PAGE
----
More wine. A toast.
Baklava from the shop next door, sticky fingers
After all this is over.
After an impressive run of absolute awfulness, this year appears to be pulling out some actual good news out of the bag right at the last minute. But it’s very hard not to anthropomorphise 2020, which seems to delight in confounding expectations, piling misery upon misery, and all in all just being an outright absolute prick. Like many among us, I’m finding it difficult to trust good news; not least because there are still far too many confounding variables to count. I worry about things going wrong. I worry about what comes next. I worry about the knowns, the known unknowns and the unknown unknowns.
Those that are unlucky enough to know me will know that I tend towards cynicism as a starting-point. Sarcasm is my default mode. Terms that have been used to describe me include ‘spiky’, ‘arch’, ‘intimidating’, and ‘waspish little bitch’ (thanks, M*lo Y*annopoulos! I bear that last with pride). 2020 – and, let’s face it, the last four years – has offered me plenty of opportunity to practice and exercise this cynicism. Eventually, I simply started to assume the worst outcome in all cases, rather than hoping things might change or get better. This wasn’t difficult; we’d all been burnt before, when it comes to being absurd enough to hope. Hope is silly. Hope is frivolous. Hope is, most of all, dangerous.
And now I accidentally have some of it.
It’s the hope that kills you, they say. It gets under your skin, burrows right down into you and then enters into the bone marrow. It’s like a cancer of our own choosing: once we have allowed one cell to be infected, it will multiply and multiply, all while your body fails to recognise it as a foreign object and simply accepts it as one of its own. Once it’s in the system, that’s it; it’s as much a part of you as you are. Encoded into your RNA, nestled in your gut, running up and down your backbone.
So what do we do with hope, this alien invader, this meddling interloper that poisons our every day? Like all diseases, we learn to live with it. To sit with it, and with its shadow-self, fear.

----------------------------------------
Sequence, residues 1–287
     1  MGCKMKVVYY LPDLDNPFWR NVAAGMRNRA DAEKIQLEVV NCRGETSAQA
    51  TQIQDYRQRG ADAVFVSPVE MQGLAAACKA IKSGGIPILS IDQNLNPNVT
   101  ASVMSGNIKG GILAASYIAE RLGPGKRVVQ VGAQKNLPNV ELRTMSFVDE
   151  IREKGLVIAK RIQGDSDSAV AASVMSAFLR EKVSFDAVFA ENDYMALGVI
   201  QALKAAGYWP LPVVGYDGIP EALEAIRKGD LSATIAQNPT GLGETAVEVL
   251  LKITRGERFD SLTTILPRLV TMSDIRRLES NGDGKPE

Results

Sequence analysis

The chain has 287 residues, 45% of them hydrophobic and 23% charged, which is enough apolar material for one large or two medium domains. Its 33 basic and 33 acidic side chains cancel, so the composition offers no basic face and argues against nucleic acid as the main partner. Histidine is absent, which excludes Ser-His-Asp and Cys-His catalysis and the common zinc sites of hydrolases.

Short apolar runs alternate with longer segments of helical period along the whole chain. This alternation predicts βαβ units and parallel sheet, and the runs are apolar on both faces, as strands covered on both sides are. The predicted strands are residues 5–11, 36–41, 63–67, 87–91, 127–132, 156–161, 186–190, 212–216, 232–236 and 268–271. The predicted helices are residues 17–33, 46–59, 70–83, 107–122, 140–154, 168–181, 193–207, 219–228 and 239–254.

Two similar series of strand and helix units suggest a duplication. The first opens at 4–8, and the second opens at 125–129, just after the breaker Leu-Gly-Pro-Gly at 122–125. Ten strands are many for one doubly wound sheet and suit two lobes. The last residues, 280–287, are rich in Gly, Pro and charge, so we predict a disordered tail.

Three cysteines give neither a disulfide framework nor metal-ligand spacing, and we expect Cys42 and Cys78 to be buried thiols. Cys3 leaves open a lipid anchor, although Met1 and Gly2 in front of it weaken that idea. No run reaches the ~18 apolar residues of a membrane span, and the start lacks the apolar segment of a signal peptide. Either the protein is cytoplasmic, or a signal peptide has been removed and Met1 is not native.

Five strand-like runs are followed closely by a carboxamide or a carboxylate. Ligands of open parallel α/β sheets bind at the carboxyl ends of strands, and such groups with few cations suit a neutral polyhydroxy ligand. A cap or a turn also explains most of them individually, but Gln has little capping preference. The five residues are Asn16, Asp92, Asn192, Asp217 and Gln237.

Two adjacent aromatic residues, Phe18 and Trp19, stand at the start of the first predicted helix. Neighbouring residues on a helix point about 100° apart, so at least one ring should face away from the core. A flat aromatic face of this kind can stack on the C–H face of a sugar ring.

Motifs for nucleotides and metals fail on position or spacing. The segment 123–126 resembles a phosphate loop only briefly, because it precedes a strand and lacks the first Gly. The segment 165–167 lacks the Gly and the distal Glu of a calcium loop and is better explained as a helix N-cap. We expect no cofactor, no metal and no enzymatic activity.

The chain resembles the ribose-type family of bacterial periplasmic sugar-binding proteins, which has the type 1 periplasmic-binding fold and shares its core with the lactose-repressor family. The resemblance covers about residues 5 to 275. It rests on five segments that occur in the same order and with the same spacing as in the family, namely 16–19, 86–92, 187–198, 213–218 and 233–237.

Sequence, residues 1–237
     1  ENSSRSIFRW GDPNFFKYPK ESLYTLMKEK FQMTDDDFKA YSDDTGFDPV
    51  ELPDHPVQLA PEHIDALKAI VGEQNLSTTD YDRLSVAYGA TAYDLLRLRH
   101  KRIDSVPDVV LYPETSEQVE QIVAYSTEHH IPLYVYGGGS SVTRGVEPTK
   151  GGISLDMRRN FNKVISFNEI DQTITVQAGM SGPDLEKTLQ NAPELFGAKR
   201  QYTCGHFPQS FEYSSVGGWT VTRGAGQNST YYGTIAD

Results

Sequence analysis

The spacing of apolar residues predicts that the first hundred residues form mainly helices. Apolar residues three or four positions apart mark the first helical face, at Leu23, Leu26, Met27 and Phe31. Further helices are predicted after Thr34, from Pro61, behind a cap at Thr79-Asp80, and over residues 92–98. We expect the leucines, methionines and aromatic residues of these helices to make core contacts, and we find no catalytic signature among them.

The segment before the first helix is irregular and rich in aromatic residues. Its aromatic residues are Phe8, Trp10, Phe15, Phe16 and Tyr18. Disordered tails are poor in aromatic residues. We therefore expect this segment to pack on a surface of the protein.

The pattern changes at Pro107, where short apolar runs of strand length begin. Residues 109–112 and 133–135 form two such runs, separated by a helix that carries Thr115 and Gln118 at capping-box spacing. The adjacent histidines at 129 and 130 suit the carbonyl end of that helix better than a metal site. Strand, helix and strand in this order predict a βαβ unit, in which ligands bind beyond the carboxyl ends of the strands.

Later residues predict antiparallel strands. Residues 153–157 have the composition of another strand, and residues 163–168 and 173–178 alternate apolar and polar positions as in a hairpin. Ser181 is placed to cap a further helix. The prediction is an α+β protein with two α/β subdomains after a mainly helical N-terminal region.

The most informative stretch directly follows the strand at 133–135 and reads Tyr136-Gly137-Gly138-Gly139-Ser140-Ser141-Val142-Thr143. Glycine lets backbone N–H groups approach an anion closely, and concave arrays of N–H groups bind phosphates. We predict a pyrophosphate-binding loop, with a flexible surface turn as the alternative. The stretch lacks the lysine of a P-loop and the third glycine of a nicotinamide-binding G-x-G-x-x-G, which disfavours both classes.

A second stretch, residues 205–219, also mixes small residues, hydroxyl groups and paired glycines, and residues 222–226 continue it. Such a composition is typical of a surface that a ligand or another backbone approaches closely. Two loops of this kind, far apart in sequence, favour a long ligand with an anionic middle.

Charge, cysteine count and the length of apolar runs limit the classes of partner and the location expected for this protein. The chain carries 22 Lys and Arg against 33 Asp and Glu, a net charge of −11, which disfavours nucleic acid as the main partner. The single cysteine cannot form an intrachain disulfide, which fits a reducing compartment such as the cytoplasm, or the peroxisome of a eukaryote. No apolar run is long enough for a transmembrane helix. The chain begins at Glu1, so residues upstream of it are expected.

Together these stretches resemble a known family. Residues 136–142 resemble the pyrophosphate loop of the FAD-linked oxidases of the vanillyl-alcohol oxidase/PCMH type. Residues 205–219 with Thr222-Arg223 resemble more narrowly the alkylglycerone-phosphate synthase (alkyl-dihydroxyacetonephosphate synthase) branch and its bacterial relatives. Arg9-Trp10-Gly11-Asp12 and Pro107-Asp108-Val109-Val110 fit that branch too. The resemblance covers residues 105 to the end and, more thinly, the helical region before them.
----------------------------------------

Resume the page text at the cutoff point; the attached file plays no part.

There’s a burgeoning movement online called ‘hope-punk‘: the idea that, in the world we are living in today, the very act of having hope is a radical act. Hope-punk is there in community organisation, in collaboration, in care. It’s a refusal to be resigned or cowed or to give up, and instead to fight: but to fight not with spite, but with kindness, compassion, and gentleness. It’s also the idea of proactively finding joy or delight in the small things every day: hot buttered toast dipped into a warm vat of autumnal soup; leaves caught suspended for just a moment in a miniature tornado; the silhouette of chimney stacks against the skyline. Taking the time to notice these things and find moments of care and calm makes us better equipped and more resilient for the fights ahead. It’s part mindfulness, part self-care, part political action: to not only allow yourself to have hope, but to proactively create and foster hope.
I am trying to learn to live with hope, although it frightens me. I am trying to invite it in; to make a space for it on the sofa next to me as I doomscroll through my social media feeds, to take it out on walks with me on a short leash, to test the waters with it as I wade out into the Brighton sea (which is, at this point, very cold).